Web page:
from The American Heritage® Dictionary of the English Language, 4th Edition

  • A city of ancient Latium southeast of modern-day Rome, Italy. Pliny the Younger, Cicero, and the emperors Nero and Titus were among the prominent Romans who built villas here.


Sorry, no etymologies found.


  • Just as his lordship came to the door, she was going, on her jaunting-car, to her villa, called Tusculum, situate near Bray.

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  • Beale said Virginia Tech offered Harris a spot on its roster as an invited walk-on, but he instead chose Tusculum, which is located in Greeneville, Tenn.

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  • Thus he tells us that his villa at Balham is named "Tusculum," and that, in view of the fact that three generations of Pullars have been dentists, his family can be said to be of "old extraction."

    Punch, or the London Charivari, Volume 152, May 23, 1917

  • "Tusculum" of a well-to-do gentleman in the outskirts of the city.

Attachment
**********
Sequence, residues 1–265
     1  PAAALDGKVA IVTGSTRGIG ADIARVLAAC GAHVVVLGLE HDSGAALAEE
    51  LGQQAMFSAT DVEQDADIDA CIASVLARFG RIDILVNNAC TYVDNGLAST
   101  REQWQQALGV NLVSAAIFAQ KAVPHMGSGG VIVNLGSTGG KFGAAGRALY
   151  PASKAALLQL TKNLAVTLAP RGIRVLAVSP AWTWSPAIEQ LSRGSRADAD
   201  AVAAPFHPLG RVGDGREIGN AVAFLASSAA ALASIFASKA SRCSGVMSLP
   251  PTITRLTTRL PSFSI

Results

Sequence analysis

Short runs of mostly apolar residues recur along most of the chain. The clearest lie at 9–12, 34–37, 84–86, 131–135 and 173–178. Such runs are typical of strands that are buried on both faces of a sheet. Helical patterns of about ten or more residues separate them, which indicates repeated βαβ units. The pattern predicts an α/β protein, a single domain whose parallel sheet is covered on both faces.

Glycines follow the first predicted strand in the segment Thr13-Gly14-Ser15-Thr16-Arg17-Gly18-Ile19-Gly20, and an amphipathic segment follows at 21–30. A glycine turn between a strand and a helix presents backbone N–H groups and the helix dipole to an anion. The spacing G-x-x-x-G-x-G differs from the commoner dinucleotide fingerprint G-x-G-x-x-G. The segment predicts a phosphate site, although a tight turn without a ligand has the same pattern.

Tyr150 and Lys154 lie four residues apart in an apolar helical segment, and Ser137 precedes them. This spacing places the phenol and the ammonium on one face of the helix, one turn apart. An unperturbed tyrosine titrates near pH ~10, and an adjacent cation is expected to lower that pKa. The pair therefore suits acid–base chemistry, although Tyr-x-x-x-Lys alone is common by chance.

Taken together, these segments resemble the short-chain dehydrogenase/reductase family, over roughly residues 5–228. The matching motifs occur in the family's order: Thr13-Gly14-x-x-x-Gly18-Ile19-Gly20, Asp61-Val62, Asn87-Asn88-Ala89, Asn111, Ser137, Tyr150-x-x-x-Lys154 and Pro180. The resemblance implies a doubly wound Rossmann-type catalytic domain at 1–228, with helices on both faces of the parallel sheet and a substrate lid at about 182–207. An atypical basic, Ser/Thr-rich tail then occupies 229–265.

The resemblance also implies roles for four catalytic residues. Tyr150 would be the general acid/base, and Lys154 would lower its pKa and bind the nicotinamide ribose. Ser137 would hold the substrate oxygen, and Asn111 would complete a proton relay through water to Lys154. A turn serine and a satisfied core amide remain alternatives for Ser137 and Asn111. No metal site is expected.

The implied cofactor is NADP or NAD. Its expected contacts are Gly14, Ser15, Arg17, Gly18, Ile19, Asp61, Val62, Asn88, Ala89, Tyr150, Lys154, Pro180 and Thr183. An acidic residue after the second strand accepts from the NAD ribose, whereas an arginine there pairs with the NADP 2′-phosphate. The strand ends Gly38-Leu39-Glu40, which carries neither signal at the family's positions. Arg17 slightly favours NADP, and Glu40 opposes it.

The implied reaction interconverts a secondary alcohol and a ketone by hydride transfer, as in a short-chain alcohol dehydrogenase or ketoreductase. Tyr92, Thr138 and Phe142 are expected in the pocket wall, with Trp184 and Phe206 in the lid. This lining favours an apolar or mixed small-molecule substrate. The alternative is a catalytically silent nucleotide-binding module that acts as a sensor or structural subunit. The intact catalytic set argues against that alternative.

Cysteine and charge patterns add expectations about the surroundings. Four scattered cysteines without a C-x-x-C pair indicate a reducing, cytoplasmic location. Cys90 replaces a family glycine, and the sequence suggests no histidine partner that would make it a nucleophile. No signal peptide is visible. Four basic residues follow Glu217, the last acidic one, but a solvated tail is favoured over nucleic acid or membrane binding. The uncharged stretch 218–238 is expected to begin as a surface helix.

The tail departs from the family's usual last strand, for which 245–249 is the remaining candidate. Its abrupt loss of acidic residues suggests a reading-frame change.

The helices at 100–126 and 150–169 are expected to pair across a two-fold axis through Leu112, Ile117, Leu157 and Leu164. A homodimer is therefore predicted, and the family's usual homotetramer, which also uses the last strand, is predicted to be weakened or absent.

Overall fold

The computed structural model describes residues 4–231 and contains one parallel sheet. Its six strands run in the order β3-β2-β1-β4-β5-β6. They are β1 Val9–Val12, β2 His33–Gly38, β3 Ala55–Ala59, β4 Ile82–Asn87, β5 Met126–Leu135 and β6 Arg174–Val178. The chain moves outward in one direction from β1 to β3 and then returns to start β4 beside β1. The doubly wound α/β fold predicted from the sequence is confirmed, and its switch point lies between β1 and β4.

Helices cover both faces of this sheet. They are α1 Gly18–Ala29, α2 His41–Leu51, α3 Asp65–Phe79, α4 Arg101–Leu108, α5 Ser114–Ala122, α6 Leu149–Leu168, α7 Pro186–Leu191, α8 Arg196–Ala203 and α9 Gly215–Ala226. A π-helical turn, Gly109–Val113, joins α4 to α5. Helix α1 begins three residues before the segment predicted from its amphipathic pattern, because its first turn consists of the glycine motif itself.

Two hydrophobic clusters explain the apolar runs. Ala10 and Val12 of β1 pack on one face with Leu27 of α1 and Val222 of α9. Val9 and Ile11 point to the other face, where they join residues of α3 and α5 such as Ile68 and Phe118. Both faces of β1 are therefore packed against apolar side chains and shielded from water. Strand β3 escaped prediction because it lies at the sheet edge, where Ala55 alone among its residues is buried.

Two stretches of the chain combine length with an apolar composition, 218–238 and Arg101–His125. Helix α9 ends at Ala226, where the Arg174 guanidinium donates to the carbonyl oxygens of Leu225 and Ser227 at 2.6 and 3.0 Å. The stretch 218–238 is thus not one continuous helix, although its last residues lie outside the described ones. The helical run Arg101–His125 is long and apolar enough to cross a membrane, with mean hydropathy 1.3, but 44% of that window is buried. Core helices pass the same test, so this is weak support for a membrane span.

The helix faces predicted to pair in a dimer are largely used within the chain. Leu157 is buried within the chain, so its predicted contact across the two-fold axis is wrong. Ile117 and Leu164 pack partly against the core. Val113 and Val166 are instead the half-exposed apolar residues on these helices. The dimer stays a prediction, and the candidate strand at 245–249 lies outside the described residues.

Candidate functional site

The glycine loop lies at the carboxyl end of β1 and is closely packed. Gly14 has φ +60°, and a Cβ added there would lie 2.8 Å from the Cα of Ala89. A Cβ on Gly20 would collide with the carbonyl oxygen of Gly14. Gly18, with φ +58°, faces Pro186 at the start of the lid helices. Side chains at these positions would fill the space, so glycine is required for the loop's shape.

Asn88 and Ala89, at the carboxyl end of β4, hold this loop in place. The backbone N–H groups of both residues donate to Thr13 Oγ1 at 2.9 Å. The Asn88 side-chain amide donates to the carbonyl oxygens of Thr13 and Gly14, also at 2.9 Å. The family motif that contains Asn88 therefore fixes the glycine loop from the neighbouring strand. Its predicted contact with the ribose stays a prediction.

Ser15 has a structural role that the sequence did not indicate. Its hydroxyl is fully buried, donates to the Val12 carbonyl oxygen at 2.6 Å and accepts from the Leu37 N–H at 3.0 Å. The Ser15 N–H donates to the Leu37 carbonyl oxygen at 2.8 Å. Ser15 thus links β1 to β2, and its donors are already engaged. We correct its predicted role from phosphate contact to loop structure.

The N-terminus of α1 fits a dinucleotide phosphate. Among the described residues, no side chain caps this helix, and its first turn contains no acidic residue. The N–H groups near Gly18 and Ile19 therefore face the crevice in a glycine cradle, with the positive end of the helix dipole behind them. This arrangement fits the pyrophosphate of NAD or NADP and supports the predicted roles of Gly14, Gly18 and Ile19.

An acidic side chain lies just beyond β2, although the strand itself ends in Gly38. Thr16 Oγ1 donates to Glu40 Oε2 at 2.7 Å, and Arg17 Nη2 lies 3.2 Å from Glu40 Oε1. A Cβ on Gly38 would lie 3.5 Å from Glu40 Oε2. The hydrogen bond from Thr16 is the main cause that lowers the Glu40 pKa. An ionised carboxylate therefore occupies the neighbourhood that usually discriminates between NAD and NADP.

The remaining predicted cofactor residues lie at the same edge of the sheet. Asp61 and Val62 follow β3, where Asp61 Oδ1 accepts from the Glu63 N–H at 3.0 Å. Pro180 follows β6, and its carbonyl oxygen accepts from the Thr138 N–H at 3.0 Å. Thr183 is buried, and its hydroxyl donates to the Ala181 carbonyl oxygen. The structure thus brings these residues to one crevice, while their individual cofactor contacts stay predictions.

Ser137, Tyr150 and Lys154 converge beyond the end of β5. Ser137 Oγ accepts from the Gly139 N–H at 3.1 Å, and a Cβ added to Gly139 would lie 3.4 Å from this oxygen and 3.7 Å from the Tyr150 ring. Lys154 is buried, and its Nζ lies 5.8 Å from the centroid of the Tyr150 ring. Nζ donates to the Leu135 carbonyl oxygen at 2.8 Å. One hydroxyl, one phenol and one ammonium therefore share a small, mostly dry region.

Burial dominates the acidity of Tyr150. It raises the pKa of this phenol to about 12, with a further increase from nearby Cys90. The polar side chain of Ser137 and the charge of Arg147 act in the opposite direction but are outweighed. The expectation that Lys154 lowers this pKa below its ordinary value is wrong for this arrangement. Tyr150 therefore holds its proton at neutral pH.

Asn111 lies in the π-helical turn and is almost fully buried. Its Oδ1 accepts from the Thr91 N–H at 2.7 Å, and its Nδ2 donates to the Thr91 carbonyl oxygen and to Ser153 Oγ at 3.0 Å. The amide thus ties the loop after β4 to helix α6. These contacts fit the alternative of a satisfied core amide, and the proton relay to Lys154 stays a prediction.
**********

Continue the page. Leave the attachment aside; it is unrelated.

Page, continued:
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  • The inhabitants of several other towns, such as Tusculum and Lanuvium, received the Roman franchise; their territory was incorporated in that of the Republic; and two new tribes were created to carry these arrangements into effect.

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  • "You have a little villa near Tusculum, which isn’t more than half a day’s journey from Rome.

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  • Terentia and Marcus at least could go to Tusculum.


  • Later that night, after we had safely reached Tusculum, I asked him what he made of it all.


  • Terentia went off with the children to spend the rest of the summer in the higher altitudes and cooler glades of Tusculum, but the consul stayed in Rome, working.


  • Dr. John Witherspoon died on November 15, 1794, at his farm, Tusculum, at the age of 71.

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